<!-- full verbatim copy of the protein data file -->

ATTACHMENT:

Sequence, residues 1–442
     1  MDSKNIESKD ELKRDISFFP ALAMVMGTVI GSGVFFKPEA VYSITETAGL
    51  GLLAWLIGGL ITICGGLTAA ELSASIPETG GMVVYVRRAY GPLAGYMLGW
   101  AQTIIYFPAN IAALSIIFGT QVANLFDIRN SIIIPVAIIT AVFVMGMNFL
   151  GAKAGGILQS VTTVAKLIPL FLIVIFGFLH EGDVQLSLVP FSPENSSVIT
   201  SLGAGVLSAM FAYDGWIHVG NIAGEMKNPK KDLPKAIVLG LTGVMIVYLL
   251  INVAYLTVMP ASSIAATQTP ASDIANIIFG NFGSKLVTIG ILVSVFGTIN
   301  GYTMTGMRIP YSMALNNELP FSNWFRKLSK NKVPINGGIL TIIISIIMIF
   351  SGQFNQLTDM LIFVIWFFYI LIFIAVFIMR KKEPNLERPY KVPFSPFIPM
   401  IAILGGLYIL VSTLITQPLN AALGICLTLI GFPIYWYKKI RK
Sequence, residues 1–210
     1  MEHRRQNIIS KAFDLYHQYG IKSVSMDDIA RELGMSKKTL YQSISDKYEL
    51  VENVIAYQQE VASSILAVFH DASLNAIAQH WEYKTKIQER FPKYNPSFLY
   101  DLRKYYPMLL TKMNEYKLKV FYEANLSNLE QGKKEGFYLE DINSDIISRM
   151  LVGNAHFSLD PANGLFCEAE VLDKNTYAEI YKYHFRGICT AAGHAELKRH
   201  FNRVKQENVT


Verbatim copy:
Sequence, residues 1–442
     1  MDSKNIESKD ELKRDISFFP ALAMVMGTVI GSGVFFKPEA VYSITETAGL
    51  GLLAWLIGGL ITICGGLTAA ELSASIPETG GMVVYVRRAY GPLAGYMLGW
   101  AQTIIYFPAN IAALSIIFGT QVANLFDIRN SIIIPVAIIT AVFVMGMNFL
   151  GAKAGGILQS VTTVAKLIPL FLIVIFGFLH EGDVQLSLVP FSPENSSVIT
   201  SLGAGVLSAM FAYDGWIHVG NIAGEMKNPK KDLPKAIVLG LTGVMIVYLL
   251  INVAYLTVMP ASSIAATQTP ASDIANIIFG NFGSKLVTIG ILVSVFGTIN
   301  GYTMTGMRIP YSMALNNELP FSNWFRKLSK NKVPINGGIL TIIISIIMIF
   351  SGQFNQLTDM LIFVIWFFYI LIFIAVFIMR KKEPNLERPY KVPFSPFIPM
   401  IAILGGLYIL VSTLITQPLN AALGICLTLI GFPIYWYKKI RK
Sequence, residues 1–210
     1  MEHRRQNIIS KAFDLYHQYG IKSVSMDDIA RELGMSKKTL YQSISDKYEL
    51  VENVIAYQQE VASSILAVFH DASLNAIAQH WEYKTKIQER FPKYNPSFLY
   101  DLRKYYPMLL TKMNEYKLKV FYEANLSNLE QGKKEGFYLE DINSDIISRM
   151  LVGNAHFSLD PANGLFCEAE VLDKNTYAEI YKYHFRGICT AAGHAELKRH
   201  FNRVKQENVT